* Reports a wider first-quarter loss of 31.5 billion yen
* Lags behind Korean rivals in OLED screens
* No future for smartphone panel business without OLED -CEO (Adds CEO and analyst comments, credit line, background)
TOKYO, Aug 9 (Reuters) - Japan Display Inc posted a wider-than-expected loss and said it would slash 30 percent of its workforce, as it struggles with slow iPhones-related demand from Apple Inc and its late entry into organic light-emitting diode (OLED) screens.
Liquid crystal display screens have been Japan Display's mainstay, with more than half its sales coming from LCD demand for iPhones. But it has been caught out by a swift change in consumption trends with handset makers shifting to the thinner and flexible OLED displays for high-end models.
Apple is widely expected to begin adopting OLED for its iPhones later this year. Japan Display, which is overhauling its ailing smartphone screen-making business, plans to start mass-producing OLED panels for smartphones in 2019 to catch up with Korean rivals like Samsung.
"We now see no future for the smartphone panel business without OLED," CEO Nobuhiro Higashiiriki said at a briefing on Wednesday, after the company reported first-quarter results.
In the red over the past three years, Japan Display posted a net loss of 31.46 billion yen ($286.13 million) in the quarter ended June, versus a 11.8 billion yen loss a year ago. This was worse than an average forecast for an 18.1 billion yen loss from four analysts polled by Thomson Reuters.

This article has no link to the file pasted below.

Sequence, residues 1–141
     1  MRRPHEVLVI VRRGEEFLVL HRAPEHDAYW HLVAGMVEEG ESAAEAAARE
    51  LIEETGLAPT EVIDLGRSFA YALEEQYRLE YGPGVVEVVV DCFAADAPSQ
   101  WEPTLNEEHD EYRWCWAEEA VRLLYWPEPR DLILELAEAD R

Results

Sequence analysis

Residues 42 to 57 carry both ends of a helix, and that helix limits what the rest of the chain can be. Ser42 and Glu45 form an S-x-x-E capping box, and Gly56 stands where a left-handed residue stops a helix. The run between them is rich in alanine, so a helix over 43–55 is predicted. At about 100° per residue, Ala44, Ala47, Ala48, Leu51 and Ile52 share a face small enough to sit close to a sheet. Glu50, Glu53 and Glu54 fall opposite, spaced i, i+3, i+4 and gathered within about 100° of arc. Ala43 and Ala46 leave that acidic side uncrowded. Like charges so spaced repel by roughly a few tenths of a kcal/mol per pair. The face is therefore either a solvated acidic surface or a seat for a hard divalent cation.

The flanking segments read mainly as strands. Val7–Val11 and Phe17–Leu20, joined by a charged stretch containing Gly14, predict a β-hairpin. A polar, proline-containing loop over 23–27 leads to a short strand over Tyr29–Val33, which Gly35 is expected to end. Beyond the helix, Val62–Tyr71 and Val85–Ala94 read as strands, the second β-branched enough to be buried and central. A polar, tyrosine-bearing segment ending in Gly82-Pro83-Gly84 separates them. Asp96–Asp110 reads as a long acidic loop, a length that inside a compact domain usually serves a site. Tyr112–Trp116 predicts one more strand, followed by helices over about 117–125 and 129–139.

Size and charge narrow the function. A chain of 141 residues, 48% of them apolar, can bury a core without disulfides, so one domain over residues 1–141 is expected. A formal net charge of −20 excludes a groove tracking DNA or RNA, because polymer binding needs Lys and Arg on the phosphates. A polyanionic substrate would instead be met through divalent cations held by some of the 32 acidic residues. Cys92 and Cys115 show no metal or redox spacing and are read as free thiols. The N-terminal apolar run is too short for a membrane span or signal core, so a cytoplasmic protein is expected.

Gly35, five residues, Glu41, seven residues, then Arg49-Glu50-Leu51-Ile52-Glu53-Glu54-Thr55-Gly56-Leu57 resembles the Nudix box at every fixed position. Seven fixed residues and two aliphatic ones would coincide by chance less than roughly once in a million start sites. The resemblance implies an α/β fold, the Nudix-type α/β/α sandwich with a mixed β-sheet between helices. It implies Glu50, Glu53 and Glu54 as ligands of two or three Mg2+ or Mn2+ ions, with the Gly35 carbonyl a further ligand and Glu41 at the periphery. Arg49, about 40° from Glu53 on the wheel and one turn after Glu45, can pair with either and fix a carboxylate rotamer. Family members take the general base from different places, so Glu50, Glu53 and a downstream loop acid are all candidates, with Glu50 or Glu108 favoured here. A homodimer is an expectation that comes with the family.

The company did not give a full-year outlook, but said it expects to post a special loss of 170 billion yen due to the business overhaul in the year ending March 2018.
Higashiiriki said the firm may seek a capital injection from outside investors to help finance the overhaul. It got 75 billion yen in aid last year from its main investor - the state-backed Innovation Network Corp of Japan (INCJ).
Analysts see Chinese display makers as likely investors.
But there are doubts if INCJ would allow Chinese players to have a stake in the firm, said Masayuki Otani, chief market analyst at Securities Japan.
Japan Display, which slashed 2,600 jobs late last year, said it would cut another 3,700 jobs as it plans to consolidate production lines at home and overseas.
It said it had received a new line of credit worth 107 billion yen from its main lenders.
Japan Display's continuing struggle questions the validity of a government intervention five years ago, when INCJ helped form the firm by combining the ailing display units of Sony Corp , Hitachi Ltd and Toshiba Corp.
Quick and bold investment decisions that are crucial in the competitive tech industry are often hard to make for funds with taxpayers' money, analysts said.
As of now, INCJ is expected to play a major role in groups that are the front-runners for Toshiba's planned sale of its $18 billion chip business. ($1 = 109.9500 yen) (Reporting by Makiko Yamazaki, additional reporting by Taiga Uranaka; Editing by Himani Sarkar)